With specific reference to FIGS. 16 and 17, because the foam core or insert 100 can have a tendency to float, the upper or top mold portion 204 is brought into contact with the lower or bottom lower mold retainer support 202 so as to keep the foam core or insert 100 submerged within the cementitious slurry. Specifically, the arm members 204a of the upper or top mold portion 204 are provided with selectively adjustable engagement members 204b (e.g., similar to the adjustable leveling feet on a household appliance, such as a washing machine or stove). The engagement members 204b are positioned so as to substantially align with and contact the tops of the spacer elements 102 when the upper or top mold portion 204 is brought into engagement with the lower or bottom lower mold retainer support 202. In this manner, the engagement members 204b are axially adjustable downwardly and upwardly so as to contact the tops of the spacer elements 102 in a substantially parallel orientation. Once, the proper length of the engagement members 204b is determined, they can be locked in place with a locking member 204c (e.g., a nut and/or the like). In this manner, the foam core or insert 100 can be kept from excessively floating upwardly out of the cementitious slurry.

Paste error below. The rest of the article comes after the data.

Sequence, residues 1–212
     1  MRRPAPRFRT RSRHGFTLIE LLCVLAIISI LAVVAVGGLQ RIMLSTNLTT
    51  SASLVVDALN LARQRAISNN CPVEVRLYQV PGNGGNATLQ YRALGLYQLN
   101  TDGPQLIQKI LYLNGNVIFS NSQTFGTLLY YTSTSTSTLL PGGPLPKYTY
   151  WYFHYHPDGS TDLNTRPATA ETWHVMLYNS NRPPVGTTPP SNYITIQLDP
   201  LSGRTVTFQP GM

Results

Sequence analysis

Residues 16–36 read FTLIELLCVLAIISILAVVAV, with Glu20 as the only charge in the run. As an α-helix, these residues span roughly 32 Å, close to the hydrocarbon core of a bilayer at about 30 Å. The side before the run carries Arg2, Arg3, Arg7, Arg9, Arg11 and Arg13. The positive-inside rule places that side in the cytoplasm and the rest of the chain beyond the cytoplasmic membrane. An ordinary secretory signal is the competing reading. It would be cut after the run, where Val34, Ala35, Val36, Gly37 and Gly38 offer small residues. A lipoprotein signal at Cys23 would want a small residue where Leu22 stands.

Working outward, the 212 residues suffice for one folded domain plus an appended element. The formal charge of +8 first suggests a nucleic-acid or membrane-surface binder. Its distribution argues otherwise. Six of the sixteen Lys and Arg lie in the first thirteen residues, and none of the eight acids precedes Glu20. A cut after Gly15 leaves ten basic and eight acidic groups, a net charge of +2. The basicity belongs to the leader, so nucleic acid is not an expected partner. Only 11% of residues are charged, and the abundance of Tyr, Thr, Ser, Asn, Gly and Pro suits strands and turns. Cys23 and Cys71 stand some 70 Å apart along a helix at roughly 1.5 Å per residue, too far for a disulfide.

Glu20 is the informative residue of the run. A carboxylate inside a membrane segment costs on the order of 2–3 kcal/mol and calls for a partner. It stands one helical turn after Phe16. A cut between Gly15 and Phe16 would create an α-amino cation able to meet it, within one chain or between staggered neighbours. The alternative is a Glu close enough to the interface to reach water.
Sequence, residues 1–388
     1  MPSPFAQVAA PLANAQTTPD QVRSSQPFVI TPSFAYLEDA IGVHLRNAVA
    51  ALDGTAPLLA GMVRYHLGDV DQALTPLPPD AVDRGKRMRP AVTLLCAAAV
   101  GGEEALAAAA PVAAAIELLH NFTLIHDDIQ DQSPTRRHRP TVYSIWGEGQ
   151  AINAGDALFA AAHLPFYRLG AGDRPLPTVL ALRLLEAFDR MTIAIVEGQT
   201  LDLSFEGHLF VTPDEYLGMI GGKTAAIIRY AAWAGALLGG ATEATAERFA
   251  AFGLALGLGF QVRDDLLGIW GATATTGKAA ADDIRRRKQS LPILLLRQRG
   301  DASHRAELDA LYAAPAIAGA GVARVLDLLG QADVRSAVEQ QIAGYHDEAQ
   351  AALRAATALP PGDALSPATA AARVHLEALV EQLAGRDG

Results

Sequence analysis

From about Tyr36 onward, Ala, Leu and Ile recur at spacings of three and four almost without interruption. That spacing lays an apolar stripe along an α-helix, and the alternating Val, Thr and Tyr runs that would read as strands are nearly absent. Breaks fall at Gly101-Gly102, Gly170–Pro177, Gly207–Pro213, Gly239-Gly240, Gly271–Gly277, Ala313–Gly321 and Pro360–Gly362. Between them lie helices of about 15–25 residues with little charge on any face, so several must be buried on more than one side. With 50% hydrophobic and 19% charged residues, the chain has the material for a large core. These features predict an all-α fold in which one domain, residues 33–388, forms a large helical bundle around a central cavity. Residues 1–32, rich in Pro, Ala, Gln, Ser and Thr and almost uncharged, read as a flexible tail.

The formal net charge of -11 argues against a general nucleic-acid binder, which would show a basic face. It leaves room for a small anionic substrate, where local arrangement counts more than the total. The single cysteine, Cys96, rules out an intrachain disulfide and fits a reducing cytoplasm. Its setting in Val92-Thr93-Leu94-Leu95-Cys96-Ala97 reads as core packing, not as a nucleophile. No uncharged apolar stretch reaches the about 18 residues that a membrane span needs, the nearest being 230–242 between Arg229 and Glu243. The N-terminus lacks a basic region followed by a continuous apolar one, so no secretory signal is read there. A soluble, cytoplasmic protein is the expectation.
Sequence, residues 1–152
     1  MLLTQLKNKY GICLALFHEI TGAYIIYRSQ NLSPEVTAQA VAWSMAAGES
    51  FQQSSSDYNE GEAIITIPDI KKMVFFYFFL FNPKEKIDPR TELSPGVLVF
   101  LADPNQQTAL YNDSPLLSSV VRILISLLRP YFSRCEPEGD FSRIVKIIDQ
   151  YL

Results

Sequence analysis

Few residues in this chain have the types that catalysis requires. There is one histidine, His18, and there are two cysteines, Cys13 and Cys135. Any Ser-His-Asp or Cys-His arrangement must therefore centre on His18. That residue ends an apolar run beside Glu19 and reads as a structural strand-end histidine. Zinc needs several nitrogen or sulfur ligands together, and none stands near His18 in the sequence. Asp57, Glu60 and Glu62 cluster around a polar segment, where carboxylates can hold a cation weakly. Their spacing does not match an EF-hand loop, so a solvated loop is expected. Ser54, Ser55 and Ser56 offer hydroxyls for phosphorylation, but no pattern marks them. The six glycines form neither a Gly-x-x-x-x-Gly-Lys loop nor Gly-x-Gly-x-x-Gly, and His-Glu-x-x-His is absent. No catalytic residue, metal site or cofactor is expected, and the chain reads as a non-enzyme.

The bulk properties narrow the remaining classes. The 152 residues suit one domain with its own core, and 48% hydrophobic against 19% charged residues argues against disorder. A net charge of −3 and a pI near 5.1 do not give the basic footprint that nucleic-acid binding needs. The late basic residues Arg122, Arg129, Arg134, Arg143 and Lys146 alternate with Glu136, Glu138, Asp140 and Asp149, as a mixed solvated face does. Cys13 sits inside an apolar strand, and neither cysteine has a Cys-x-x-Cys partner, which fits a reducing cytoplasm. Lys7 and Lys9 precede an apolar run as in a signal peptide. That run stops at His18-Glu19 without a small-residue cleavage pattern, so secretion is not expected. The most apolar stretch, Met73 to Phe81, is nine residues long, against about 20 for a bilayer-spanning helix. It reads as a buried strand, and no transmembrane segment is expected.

In accordance with one aspect of the present invention, the upper or top mold portion 204 can be secured to the lower or bottom lower mold retainer support 202 with fastening devices 400 so as to prevent the upper or top mold portion 204 and the lower or bottom lower mold retainer support 202 from becoming inadvertently dislodged from one another (see FIG. 18). The cementitious slurry is then allowed to dry, harden or cure for a sufficient amount of time, which may depend, at least in part, on the specific composition of the cementitious slurry used. The mold system 200 can also be shuttled off of the conveyor system 350 and stored in a storage area (not shown) so that other shutter assemblies can be made in the interim.

Once the cementitious slurry has dried, hardened or cured, the shutter assembly 10 can then be removed from the mold system 200. By way of a non-limiting example, the fastening devices 400, if used, are disengaged so as to enable the upper or top mold portion 204 to be removed from the lower or bottom lower mold retainer support 202, thus exposing the rear face 10a of the shutter assembly 10. The mold surface member 206 can then be removed from the cavity 208 by grapping the peripheral lip member 210 and lifting the mold surface member 206 upwardly and out of the cavity 208. The mold surface member 206 is then removed from the shutter assembly 10, thus exposing the finished product, which is preferably allowed to dry to a suitable extent, after which time it can then be used immediately or further processed, e.g., painted or otherwise treated.